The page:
Over the last year, the Bipartisan Policy Center (BPC) has issued a series of white papers recommending changes in the health care delivery system to improve quality and slow the rate of growth in costs. These recommendations provide incentives for providers and patients to move toward organized systems of care—such as accountable care organizations (ACOs), patient-centered medical homes, and other payment models—and away from fee-for-service.
The use of meaningful quality measures is critical to assuring patients have access to and receive appropriate services and that incentives drive improved health outcomes and patient care experience. However, despite discussions and work on this objective, there remains little agreement on which—and how—measures should be used by patient, provider, and payer communities. Effective quality measures are imperative to accountability in organized systems of care, especially where performance affects the ability of the provider to share in savings or determines whether a provider avoids penalties or receives bonus payments.
As recommended in, A Bipartisan Rx for Patient-Centered Care and System-Wide Cost Containment, quality-performance measures must be precise and clinically relevant to incentivize better delivery of health care. In fact, these measures must also provide meaningful data that can be adapted and publically reported in a way that consumers would find useful in making health care decisions and that providers would find helpful in designing strategies to improve quality and patient safety.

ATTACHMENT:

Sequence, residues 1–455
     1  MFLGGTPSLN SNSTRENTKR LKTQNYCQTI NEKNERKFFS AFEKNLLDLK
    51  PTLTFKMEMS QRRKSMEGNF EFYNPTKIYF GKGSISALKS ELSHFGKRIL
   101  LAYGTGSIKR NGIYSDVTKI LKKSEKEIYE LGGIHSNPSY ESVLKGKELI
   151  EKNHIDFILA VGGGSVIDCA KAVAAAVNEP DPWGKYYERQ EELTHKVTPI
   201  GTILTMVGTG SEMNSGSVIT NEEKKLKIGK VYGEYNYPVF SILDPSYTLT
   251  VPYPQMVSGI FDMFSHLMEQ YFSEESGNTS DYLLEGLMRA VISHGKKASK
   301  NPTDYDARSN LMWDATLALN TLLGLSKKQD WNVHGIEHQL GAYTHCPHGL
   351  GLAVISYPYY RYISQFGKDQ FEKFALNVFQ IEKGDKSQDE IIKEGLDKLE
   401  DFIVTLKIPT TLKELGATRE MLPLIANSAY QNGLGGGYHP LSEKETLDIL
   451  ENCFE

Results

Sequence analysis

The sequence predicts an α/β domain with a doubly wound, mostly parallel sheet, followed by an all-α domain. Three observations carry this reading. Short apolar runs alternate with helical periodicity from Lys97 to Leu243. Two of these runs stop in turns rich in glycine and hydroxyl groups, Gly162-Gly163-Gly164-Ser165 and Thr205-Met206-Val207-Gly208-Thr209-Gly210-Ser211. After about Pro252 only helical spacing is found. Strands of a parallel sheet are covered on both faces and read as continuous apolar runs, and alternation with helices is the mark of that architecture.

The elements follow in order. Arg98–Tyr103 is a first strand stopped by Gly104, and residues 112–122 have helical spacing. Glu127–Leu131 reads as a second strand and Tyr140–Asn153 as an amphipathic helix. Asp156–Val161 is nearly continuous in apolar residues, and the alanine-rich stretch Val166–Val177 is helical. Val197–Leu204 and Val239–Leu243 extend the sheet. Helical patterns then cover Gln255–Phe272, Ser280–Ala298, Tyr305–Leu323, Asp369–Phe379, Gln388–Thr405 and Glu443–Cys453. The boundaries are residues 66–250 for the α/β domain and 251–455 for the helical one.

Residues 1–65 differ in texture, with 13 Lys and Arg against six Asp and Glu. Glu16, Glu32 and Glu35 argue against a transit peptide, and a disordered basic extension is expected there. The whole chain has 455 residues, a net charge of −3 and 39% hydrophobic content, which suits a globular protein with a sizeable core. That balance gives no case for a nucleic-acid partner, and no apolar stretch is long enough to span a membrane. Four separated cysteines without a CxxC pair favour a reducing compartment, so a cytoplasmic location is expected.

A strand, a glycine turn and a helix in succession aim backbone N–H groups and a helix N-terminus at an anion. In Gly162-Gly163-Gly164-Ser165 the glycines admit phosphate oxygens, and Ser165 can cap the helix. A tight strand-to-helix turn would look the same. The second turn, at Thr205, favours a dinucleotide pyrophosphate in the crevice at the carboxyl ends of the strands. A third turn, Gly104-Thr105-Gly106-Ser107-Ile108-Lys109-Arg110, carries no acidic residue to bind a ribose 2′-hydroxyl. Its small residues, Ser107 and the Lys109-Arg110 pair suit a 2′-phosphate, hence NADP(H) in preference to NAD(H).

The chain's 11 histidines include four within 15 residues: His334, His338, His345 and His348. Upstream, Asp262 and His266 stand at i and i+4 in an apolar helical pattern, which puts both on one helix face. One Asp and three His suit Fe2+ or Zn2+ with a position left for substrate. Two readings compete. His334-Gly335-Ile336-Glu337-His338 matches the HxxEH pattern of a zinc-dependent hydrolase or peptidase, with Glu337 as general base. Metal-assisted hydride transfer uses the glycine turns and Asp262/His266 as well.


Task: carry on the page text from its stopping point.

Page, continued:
In attempting to achieve these goals, payers, providers, standard-setting/accrediting bodies, and federal and state agencies have pursued quality metric design, evaluation, and reporting, as well as the identification of a multitude of different quality measures. Much progress has been made over the years to develop meaningful quality measures and the federal government has made progress on aligning quality measures across federal programs.
However, many entities have somewhat different perspectives and priorities, which, when combined with ill defined and overlapping roles and responsibilities, has led to confusion and inefficiencies, including the inability to use the same measures across different health care payers. This inability has led to implementation of numerous, disparate measures leading to provider burden and confusion among consumers. The use of non-standardized (non-endorsed) measures by payers (whether similar endorsed measures exist or not), modification of endorsed measures, and a lack of uniform use of measures further contribute to the confusion and inefficiencies.
The proliferation of these measures burdens providers and undermines both payers and consumers. Failure to address the shortcomings in quality measurement will impede the shift from fee-for-service to alternative delivery and payment.
In 2013, BPC outlined recommendations for prioritizing, consolidating, and improving the use of quality measures by consumers and practitioners. While some of those recommendations have been adopted, identifying and adopting a limited set of quality measures that can be used across payers has been a long-standing challenge for policymakers and has not been achieved.
This paper focuses on recommendations to strengthen the quality-reporting system and the validity of available metrics. BPC encourages the present trend of private and public organizations and relevant stakeholders working together to better align the current measures and agency promulgation of a core set of measures that are clinically relevant and useful to providers, and that can be adapted to be accessible to consumers.
Read more from BPC’s series on delivery system reform.